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Interstate Commissioner for Audlt Offender Supervision (ICAOS) Logo

Advisory Opinion 9-2006

At Issue

An offender being in the receiving state prior to investigation as a valid reason for rejection.

Requested by: Minnesota

Issued on: 07-08-2006

Issued by: Don Blackburn, Executive Director & Richard L. Masters, Legal Counsel


Pursuant to Commission Rule 6.101(c) the State of Minnesota has requested an Opinion regarding Commission Rule 2.110. Minnesota states the following:

Minnesota is requesting a formal opinion regarding an offender being in the receiving state prior to the investigation being completed as a valid reason for rejection. Does it matter if the case is a mandatory case or not? Does the Compact allow for the receiving state to hold the investigation until the sending state returns the offender at which time the receiving state can start the investigation?

Applicable Rules and Statutes

Commission Rule 2.110 States:

(a) No state shall permit an offender who is eligible for transfer under this compact to relocate to another state except as provided by the Compact and these rules.

(b) An offender who is not eligible for transfer under this Compact is not subject to these rules and remains subject to the laws and regulations of the state responsible for the offender’s supervision.

Rule 2.110 contains a mandatory requirement of compliance with the provisions and procedures of the compact and the rules as a condition of permitting an offender to relocate from a sending state to a receiving state. This prerequisite applies to mandatory transfers of offenders under supervision under Rules 3.101 and 3.101-1 as well as discretionary transfers of offenders under Rule 3.101-2. The rules governing compact transfers are set forth in Rules 3.102, 3.103, 3.104, 3.104-1, 3.105, 3.106, 3.107, 3.108, 3.108-1, and 3.109. These rules provide the procedures which must be followed with regard to applications for transfer, transfer requests, investigations, acceptance of transfers, reporting instructions, expedited transfers and victim notification. Among these requirements are specific provisions such as Rule 3.103 (a) which prohibits a sending state from allowing a supervised offender to relocate to a receiving state without the receiving state’s acceptance, with the exception of travel permits which may be granted but which are also subject to procedural requirements set forth in that rule. Such acceptances are premised on investigations which the receiving states are required to be given a reasonable opportunity to conduct prior to the offender being allowed to leave the sending state under the provisions of Rule 3.102(b), with the exception of travel permits under Rule 3.103(b). It is presumed in Rule 3.103 (a) that a sending state will not allow a compact offender to relocate to a receiving state and therefore this subsection is silent on the subject of the sending state retaking the offender if in violation this provision; however, when read together with subsection 3.103(b)(5)(B) it is clear that the intent of this rule is to require the sending state to initiate the retaking of an offender whose transfer request is rejected and who relocates in violation of these provisions by issuing a warrant or an order to return to the sending state.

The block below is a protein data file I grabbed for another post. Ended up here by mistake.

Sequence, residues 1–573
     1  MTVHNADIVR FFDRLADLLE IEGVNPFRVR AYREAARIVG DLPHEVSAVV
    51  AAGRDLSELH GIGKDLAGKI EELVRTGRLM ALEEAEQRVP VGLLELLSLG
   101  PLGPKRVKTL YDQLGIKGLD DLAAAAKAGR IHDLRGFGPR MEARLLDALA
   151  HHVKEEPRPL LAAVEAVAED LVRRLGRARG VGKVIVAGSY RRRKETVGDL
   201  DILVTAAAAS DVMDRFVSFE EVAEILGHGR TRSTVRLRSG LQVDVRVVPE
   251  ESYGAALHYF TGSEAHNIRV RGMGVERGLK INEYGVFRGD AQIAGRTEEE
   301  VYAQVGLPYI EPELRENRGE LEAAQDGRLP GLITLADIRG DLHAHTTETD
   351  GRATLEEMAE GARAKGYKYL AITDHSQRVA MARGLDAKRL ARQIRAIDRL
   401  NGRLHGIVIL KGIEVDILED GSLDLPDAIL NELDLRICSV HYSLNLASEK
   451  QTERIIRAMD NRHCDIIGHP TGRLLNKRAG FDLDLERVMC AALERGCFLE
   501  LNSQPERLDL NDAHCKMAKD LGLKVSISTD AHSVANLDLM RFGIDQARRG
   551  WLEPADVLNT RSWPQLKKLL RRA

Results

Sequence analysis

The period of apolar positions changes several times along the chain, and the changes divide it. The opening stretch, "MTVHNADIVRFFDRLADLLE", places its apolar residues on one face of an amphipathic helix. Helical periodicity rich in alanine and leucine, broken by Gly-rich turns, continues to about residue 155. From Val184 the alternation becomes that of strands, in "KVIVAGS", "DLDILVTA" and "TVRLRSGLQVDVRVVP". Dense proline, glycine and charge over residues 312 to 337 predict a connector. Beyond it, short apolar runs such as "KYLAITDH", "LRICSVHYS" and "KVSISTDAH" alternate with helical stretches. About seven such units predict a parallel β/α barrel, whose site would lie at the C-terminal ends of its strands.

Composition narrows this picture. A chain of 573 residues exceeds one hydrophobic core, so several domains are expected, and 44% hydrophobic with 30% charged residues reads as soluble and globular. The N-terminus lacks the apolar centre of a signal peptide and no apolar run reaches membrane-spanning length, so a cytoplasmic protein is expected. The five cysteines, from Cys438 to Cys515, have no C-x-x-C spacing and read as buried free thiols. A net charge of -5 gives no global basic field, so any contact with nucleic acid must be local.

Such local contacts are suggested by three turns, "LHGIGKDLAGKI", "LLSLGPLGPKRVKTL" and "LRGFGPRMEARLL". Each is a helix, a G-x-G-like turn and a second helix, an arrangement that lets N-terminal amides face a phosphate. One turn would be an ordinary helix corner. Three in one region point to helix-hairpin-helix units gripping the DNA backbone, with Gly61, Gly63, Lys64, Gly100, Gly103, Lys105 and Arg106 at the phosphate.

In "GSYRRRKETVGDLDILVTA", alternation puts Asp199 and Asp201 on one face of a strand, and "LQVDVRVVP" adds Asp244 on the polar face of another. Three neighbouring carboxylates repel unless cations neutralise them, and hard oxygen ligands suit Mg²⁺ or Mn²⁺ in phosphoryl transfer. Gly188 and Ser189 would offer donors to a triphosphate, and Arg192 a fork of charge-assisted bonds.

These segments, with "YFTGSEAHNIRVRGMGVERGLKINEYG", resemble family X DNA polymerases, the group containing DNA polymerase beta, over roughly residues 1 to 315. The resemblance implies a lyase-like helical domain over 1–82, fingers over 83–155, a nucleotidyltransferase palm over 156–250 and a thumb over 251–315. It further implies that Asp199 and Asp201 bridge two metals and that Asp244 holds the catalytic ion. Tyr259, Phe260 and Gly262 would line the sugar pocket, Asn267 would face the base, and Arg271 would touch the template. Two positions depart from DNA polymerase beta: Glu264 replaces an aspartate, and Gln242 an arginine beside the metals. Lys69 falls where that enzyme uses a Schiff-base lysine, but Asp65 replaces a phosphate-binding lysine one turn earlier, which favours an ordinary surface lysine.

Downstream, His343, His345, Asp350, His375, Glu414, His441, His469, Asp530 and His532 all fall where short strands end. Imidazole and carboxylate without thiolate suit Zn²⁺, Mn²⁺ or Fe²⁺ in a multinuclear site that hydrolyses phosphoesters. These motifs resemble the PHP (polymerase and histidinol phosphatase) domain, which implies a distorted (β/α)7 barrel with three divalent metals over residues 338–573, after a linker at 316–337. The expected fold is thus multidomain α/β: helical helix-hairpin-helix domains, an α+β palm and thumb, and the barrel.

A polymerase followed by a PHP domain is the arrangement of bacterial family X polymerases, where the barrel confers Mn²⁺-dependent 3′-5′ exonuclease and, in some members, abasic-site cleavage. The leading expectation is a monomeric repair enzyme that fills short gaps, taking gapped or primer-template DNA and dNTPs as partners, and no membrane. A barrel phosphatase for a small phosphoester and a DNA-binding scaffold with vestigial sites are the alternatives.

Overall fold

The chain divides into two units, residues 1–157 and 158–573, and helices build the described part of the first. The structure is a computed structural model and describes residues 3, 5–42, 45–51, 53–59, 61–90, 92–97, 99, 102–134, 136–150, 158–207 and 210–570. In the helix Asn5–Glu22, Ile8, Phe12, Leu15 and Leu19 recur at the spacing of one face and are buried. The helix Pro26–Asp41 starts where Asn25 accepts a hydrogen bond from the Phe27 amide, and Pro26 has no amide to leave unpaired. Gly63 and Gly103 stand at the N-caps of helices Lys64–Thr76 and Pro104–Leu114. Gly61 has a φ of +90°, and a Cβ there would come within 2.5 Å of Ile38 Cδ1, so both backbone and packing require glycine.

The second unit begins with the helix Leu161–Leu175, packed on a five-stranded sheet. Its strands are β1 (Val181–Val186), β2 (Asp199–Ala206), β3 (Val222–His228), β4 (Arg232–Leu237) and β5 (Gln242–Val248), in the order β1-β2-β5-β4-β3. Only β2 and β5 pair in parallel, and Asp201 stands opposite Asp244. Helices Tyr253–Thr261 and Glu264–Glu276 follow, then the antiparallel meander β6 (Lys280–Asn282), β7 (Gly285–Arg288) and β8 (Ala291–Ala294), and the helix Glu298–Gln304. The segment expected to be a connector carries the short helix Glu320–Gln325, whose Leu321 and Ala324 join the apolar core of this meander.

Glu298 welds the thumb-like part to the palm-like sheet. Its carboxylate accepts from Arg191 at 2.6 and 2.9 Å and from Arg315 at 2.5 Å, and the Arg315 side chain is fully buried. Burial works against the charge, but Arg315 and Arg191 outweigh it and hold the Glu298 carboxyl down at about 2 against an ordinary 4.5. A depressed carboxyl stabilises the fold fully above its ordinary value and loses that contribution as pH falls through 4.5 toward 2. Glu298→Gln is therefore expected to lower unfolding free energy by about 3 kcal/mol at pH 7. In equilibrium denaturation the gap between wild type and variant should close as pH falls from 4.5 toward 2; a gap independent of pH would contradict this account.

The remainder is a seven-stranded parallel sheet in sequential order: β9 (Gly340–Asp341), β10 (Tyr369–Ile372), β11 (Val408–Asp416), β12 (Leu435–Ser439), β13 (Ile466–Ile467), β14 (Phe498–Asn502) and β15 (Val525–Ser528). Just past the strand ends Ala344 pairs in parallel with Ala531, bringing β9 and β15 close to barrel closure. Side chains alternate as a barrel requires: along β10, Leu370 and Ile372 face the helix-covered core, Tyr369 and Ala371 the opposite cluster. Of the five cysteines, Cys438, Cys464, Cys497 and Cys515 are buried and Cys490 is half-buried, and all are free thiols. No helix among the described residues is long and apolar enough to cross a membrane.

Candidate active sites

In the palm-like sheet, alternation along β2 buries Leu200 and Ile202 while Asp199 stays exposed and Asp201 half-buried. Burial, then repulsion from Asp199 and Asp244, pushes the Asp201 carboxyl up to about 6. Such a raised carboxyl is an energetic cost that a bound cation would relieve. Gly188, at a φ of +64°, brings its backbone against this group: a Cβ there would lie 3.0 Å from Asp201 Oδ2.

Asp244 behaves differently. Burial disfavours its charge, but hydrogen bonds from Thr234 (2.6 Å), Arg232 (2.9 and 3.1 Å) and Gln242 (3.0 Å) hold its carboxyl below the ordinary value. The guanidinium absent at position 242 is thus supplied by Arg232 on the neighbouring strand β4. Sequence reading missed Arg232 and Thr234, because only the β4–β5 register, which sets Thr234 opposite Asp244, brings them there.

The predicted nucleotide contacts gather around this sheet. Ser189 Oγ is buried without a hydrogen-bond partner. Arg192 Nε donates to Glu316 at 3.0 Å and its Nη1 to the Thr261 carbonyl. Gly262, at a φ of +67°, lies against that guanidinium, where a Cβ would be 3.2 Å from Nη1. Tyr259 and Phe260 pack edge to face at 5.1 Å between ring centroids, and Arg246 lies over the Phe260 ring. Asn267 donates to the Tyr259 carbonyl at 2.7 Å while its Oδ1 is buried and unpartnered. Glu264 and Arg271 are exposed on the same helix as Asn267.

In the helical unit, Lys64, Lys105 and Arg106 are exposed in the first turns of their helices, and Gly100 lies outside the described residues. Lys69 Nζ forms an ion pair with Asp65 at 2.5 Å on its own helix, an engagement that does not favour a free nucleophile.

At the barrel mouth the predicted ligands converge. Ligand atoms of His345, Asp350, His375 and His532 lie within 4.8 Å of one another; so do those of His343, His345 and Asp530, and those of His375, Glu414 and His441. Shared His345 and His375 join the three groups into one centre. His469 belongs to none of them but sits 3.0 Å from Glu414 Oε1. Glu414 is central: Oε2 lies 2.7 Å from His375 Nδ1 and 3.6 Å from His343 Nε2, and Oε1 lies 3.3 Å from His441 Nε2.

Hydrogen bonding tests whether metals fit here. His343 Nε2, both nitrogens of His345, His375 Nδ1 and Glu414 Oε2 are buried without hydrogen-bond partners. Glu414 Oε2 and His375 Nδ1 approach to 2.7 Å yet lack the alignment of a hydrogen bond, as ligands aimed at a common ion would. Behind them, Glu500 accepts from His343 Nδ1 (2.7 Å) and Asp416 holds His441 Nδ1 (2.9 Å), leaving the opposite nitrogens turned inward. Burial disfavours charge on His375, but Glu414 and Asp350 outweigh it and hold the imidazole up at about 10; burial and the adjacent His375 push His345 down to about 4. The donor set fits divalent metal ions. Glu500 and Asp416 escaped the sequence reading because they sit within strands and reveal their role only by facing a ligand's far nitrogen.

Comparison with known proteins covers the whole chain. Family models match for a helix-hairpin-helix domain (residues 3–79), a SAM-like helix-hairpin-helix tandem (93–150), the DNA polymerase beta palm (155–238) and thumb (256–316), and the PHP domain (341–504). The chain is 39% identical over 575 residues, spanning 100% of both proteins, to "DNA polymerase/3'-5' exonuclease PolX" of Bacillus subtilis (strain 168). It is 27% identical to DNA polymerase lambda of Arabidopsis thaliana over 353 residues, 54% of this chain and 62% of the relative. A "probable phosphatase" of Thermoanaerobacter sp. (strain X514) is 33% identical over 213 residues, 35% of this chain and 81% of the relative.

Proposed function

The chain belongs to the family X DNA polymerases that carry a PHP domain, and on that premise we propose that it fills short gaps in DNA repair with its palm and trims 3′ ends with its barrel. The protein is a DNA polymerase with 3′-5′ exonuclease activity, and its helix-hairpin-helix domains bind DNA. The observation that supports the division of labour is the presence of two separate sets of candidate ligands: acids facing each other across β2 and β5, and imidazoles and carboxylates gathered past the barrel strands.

Analysis and Conclusion

Both the language and intent of the above rules, including Rule 2.110 unequivocally require that the above referenced procedures set forth in the Rules must be followed in all transfers of eligible offenders and the failure to do so is a violation of the compact and the Rules. Unquestionably, states which allow eligible offenders to transfer prior to the receiving state having an opportunity to investigate are in violation of the Compact under Rule 3.102(b) and Rule 2.110. In such circumstances the receiving state can properly reject the request for transfer of such an offender, until returned to the sending state, due to the prior failure of the sending state to comply with the requirements of the compact and the rules as referenced above.